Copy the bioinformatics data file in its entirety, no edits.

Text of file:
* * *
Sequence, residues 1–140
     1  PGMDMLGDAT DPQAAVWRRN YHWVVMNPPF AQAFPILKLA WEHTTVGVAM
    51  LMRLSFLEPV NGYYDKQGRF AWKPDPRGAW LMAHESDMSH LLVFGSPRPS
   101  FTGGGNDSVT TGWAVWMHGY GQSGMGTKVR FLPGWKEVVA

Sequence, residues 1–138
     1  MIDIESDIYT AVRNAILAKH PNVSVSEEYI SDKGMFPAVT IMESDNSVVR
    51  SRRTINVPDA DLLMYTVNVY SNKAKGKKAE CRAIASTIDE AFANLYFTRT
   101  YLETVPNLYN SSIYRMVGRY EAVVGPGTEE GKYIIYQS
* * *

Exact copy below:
Sequence, residues 1–140
     1  PGMDMLGDAT DPQAAVWRRN YHWVVMNPPF AQAFPILKLA WEHTTVGVAM
    51  LMRLSFLEPV NGYYDKQGRF AWKPDPRGAW LMAHESDMSH LLVFGSPRPS
   101  FTGGGNDSVT TGWAVWMHGY GQSGMGTKVR FLPGWKEVVA

Sequence, residues 1–138
     1  MIDIESDIYT AVRNAILAKH PNVSVSEEYI SDKGMFPAVT IMESDNSVVR
    51  SRRTINVPDA DLLMYTVNVY SNKAKGKKAE CRAIASTIDE AFANLYFTRT
   101  YLETVPNLYN SSIYRMVGRY EAVVGPGTEE GKYIIYQS